The Livingston County Health Department provides lead testing to children with Medicaid, children enrolled in the Women, Infants, and Children (WIC) Program, and children who are uninsured. Call 517-546-9850 to schedule an appointment.

Child with Private Insurance

If you have private insurance and have concerns about your child’s exposure to lead, contact your child’s pediatrician.

Adult with Medicaid, Private Insurance or No Insurance

If you are an adult with concerns about your own lead exposure, contact your healthcare provider about getting a blood lead test.

Frequently Asked Questions

How could my child be exposed to lead?

  • Putting their hands or other lead-contaminated objects such as kids jewelry, charms and amulets in their mouths.
  • Ingesting lead-contaminated dust.
  • Eating paint chips found in homes from peeling or flaking lead-based paint.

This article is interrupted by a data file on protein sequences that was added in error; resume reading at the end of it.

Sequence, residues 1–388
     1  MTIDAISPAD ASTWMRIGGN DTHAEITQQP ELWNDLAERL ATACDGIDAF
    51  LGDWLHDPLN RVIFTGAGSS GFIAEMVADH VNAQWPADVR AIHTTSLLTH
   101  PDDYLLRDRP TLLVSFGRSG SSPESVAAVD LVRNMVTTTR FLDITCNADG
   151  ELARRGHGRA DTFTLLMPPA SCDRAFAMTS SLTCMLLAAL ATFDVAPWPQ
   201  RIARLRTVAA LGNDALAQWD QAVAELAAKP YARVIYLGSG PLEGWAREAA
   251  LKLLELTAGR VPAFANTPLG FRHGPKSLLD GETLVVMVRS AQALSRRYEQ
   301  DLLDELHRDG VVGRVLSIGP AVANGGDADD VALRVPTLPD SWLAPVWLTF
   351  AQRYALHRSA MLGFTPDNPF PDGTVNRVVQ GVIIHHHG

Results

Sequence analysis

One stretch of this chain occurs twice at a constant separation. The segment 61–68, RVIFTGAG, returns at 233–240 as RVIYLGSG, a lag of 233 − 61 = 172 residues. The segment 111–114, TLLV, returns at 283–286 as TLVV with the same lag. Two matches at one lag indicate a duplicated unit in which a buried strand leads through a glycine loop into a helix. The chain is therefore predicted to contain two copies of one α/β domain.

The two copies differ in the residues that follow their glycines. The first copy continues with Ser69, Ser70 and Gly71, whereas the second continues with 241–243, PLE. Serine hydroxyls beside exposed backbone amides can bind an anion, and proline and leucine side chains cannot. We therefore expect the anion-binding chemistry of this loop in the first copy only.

• Drinking water that comes from lead pipes.
  • Playing in lead-contaminated soil.
  • Eating food prepared in contaminated containers such as ceramic glazed pottery, eating food made with lead-containing imported spices such a turmeric and lozeena (used as food coloring) or candies/candy wrappers.
  • Using ceremonial make-up or powders that contain lead.

Adults may also unknowingly bring lead dust into their home from their jobs or hobbies.

How can lead get into the body?

  • Breathing in lead dust (especially during activities such as renovations, repairs, or painting);